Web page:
Hungarian academic freedom faces uncertain future as parliament discusses new law

Exactly one year ago the Hungarian Academy of Sciences received an email from the country’s ministry for innovation and technology regarding a new law that would severely reduce the academy’s independence.

The controversial law is now under discussion in the Hungarian parliament. Although the academy has in the meantime offered a number of potential solutions and compromises, Minister for Innovation and Technology László Palkovics has repeatedly said that they are unacceptable to the government.

“We do not want to strip [the academy] of its network, just put it on a new track,” he said.

The most relevant change regards the creation of a National Office for Research, Development and Innovation, which would oversee the academy’s research institutes.

“The academy is not just a club of old scientists, but a group active in all stages of research,” said its president László Lovász.

“There is no valid reason behind this, the rights of the academy were violated and the methods of negotiations we experienced last year are questionable. All of this threatens the academy and mutual trust is eroded,” he added.

The government believes that Hungary’s scientific performance had failed to advance over the past decade and the country lacks innovation. The academy has recognised that a structural changed is needed, but does not see the need for its research network should be separated from its main body.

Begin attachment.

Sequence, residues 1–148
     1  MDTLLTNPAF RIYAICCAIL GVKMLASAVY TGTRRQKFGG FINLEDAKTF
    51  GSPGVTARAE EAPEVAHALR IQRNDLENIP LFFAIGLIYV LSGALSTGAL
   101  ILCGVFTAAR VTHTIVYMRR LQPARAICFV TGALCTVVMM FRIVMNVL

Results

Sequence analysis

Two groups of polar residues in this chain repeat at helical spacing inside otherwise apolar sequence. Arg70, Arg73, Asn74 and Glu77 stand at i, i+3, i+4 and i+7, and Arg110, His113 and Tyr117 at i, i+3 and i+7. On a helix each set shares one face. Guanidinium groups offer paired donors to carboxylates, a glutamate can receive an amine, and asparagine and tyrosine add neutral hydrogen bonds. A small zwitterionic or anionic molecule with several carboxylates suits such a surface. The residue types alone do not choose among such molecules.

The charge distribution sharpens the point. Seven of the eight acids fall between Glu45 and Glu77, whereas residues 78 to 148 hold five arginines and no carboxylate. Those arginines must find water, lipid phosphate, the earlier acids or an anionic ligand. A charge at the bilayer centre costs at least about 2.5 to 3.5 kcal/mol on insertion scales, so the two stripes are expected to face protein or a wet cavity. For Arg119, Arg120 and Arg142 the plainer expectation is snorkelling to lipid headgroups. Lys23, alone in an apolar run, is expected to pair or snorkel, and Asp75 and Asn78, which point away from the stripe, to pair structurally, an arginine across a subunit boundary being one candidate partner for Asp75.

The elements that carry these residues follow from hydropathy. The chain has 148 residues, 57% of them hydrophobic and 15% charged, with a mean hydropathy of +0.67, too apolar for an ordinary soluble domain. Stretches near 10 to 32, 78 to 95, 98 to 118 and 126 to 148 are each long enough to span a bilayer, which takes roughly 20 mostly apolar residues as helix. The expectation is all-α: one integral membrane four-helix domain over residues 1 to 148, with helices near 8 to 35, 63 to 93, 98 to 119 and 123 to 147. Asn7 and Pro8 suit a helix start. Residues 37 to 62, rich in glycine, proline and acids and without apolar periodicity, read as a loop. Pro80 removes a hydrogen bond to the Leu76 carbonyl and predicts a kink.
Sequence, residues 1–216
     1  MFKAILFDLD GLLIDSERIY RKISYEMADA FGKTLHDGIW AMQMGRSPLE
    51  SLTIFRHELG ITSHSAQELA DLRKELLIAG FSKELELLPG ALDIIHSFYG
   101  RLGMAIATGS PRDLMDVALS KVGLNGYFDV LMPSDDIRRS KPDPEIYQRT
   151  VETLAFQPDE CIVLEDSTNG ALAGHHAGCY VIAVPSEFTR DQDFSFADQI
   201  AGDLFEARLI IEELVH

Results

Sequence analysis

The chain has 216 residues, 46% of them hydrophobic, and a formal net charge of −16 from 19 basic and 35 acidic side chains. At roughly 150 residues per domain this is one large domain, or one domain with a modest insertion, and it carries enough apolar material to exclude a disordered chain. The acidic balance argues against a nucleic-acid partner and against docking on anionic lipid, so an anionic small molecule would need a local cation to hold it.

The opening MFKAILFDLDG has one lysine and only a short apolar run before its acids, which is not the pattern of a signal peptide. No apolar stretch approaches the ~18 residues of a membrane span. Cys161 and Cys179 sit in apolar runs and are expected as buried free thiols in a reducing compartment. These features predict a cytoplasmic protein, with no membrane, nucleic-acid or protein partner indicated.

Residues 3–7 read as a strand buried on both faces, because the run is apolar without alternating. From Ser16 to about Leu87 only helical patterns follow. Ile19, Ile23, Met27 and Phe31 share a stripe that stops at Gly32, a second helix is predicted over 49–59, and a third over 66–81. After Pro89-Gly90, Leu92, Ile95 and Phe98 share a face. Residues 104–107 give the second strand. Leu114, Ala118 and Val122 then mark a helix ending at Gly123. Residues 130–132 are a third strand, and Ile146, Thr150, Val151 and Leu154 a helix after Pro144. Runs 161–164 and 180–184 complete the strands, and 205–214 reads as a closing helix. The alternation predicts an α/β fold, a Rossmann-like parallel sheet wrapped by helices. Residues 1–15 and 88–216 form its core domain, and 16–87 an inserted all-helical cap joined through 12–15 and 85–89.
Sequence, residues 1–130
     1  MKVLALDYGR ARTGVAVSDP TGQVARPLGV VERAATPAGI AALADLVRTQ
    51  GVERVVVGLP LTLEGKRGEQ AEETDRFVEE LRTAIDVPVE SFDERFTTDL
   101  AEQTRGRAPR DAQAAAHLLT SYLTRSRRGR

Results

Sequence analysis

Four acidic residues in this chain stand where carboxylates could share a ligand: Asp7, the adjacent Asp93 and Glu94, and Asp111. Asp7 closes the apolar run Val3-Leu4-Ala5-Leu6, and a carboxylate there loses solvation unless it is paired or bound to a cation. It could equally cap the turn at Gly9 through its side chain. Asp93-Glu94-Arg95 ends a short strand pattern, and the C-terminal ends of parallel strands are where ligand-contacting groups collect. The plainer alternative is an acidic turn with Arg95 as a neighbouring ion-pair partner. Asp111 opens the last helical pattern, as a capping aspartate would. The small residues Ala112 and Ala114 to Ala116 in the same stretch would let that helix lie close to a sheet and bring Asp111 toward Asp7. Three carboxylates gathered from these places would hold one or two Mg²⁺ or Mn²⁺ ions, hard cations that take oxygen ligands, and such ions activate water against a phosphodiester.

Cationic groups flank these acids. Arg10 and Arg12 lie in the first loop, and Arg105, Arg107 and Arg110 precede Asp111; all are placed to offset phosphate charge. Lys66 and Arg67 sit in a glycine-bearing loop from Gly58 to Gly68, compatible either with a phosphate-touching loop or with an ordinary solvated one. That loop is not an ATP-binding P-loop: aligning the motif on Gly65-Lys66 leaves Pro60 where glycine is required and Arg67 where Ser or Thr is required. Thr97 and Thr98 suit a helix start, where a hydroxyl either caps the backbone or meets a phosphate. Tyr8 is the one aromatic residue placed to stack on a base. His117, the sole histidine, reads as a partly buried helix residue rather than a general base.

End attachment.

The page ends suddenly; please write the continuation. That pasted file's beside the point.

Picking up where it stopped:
“In the bill, there is no strategy, nothing that connects the fact that dividing the academy from its research institutes will improve the country’s competitiveness,” Mr Lovász continued.

The network will be controlled by a council, half of whose members will be directly appointed by the government. The country’s prime minister Viktor Orbán will choose its president. Additionally, the state will create a National Council of Scientific Policy headed by Mr Palkovics himself. The academy will only have a single representative on this new body.

“It is the scientist himself that knows what has to be done, what is the level of international research. Now, RDI priorities will be set by the ministry, advised by a council where only one-third of the members are scientists,” argued Mr Lovász.

If the law will pass, the areas most at risk are social sciences.

“Social sciences are more focused on the country, they conflict with politics as their research can contain criticism of certain policies. But here there is an important distinction between politics and policies and it is not always completely understood,” explained Mr Lovász.